Saturday, 19 January 2008

"...and it seems that the name of the Greeks..."

Of course I had read this many times - this quotation from Isocrates - but with what pleasure I came, by luck, across the web address of Katerina Sarri who gives the orator's famous words a special freshness with her own translation and comment:
...καὶ τὸ τῶν Ἑλλήνων ὄνομα πεποίηκε μηκέτι τοῦ γένους ἀλλὰ τής διανοίας δοκεῖν εἶναι, καὶ μᾶλλον Ἕλληνας καλεῖσθαι τοὺς τής παιδεύσεως τής ἡμετέρας ἢ τοὺς τής κοινής φύσεως μετέχοντας (Ἰσοκράτης. Πανηγυρικός. 50.)

Katerina's translation: ...and it seems that the name of the Greeks is no longer denoting a race, but a mentality, and one should call 'greeks' rather the ones who participate in our education, than those who share our common nature [DNA]. (Isocrates. Panegyricus. 50.)


Isocrates: Athenian orator 436-338 B.C.E. The Panegyricus (Celebrating Speech) circulated during the summer of 380 BCE (between July and September). It is certain, that Isocrates has been working on it for more than ten years. Most of the speech is a praise of the Athenian history and culture against everything non Athenian, whether greek or the so-called barbaric. But with this one phrase, Isocrates demolishes his own hatred of foreigners
Apart from my feelings about this phrase (did he guess how his words would endure?) I like Katerina Sarri's idea of Isocrates making a speech, worked on for a decade, that praised his cuture and history while scouring himself of xenophobia. This exemplifies the Classical ideal of achieving a fine balance between oppositions - to be passionate for one's country while welcoming those not of it. The other evening, before Christmas, it gave me pleasure to see that one of my young Greek relatives has struck a strong relationship with a beautiful raven haired young woman from Byzantium, from Constantinople, from İstanbul.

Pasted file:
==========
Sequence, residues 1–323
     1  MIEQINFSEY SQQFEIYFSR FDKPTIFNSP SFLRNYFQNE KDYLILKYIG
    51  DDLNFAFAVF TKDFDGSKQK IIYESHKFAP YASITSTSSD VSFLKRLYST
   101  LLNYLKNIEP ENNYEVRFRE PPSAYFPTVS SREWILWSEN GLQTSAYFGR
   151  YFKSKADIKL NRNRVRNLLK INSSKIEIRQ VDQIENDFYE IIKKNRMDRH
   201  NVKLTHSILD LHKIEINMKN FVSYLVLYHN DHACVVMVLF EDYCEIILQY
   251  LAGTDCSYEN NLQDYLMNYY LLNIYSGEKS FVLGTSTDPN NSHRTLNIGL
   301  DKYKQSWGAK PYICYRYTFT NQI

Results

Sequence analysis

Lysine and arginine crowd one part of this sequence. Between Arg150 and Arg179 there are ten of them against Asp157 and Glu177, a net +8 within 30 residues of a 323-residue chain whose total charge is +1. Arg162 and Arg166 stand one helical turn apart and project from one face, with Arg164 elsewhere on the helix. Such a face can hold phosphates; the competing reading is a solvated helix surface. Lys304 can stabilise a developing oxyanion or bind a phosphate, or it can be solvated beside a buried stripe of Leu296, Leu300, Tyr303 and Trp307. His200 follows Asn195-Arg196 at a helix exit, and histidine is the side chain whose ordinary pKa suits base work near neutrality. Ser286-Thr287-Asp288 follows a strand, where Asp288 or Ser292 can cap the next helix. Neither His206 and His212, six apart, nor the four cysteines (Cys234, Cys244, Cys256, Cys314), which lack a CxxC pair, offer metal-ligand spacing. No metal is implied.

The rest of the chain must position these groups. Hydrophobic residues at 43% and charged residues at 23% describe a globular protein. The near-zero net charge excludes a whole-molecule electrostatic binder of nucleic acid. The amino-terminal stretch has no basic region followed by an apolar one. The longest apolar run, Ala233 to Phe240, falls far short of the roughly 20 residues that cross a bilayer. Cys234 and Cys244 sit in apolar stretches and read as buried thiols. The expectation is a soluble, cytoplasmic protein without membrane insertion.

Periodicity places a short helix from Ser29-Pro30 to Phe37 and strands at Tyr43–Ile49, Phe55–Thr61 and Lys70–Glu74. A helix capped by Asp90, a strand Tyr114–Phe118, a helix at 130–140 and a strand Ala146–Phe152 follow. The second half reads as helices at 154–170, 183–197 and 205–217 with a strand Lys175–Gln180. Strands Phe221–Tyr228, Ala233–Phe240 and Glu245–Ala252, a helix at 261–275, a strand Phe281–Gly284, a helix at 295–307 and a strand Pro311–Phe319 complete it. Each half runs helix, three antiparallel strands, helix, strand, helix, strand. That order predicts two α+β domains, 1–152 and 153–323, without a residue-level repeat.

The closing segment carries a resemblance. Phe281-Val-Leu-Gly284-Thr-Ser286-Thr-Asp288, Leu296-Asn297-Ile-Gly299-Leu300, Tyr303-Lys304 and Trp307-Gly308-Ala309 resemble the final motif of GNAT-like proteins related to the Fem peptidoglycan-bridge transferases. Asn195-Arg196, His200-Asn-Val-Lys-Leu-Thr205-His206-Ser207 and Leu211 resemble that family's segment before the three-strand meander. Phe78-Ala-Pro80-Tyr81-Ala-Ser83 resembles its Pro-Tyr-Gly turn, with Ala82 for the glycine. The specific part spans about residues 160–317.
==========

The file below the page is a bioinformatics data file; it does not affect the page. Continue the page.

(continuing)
Equally close to home and as immediate are Ll's words to me by e-mail from Corfu on 10 December last year:
The issue about foreign people staying at Korakiana is surely a serious one. I believe that in ten years very few Greek families will be there - but this is not negative (this is my opinion) since the new residents more or less become a bit...Greek in lifestyle, though not in culture; you can't change culture and traditions, but still I believe that all is subject to change - life is a constant change and...recycling.
I think and hope she's right but in part whether she's right or wrong depends on us becoming 'a bit...Greek in lifestyle', as Isocrates proposed, ‘... if a man should partake of our culture, let him be called Hellene!’

Me and my half-brother George Pericles

I've been looking at the challenge for the ideals of Wikipedia to stabilise its entry on the subject of the Greco-Turkish War of 1919-1922. Of great interest is the discussion, far lengthier than the actual article, that runs beside a heavily contested narrative.
* * *
Today from Athens, bought on eBay when I couldn't find it anywhere else, comes the DVD of Πέτρινα Χρόνια - Pantelis Voulgaris' film 'The Stone Years'. It frightens me in a way because it has no English sub-titles.

[Note: Why does της appear as τ῞ς on so many Greek websites, including KS's, using Classical Greece? Is there a Greek fonts software problem?]

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